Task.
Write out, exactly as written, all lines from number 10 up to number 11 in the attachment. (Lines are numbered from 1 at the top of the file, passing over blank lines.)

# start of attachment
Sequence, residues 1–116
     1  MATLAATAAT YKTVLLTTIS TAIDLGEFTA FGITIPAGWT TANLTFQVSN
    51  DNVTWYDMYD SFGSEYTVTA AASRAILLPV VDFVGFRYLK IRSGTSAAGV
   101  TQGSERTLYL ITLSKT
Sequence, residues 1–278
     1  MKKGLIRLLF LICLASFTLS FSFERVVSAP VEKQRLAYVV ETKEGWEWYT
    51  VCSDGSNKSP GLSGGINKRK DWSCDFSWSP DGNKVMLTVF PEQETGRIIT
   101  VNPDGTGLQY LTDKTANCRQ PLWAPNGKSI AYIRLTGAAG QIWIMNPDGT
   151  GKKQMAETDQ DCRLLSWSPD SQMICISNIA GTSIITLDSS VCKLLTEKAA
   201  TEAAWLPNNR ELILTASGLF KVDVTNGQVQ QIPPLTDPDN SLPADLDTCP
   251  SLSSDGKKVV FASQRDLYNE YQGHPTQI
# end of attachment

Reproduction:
   201  TEAAWLPNNR ELILTASGLF KVDVTNGQVQ QIPPLTDPDN SLPADLDTCP
   251  SLSSDGKKVV FASQRDLYNE YQGHPTQI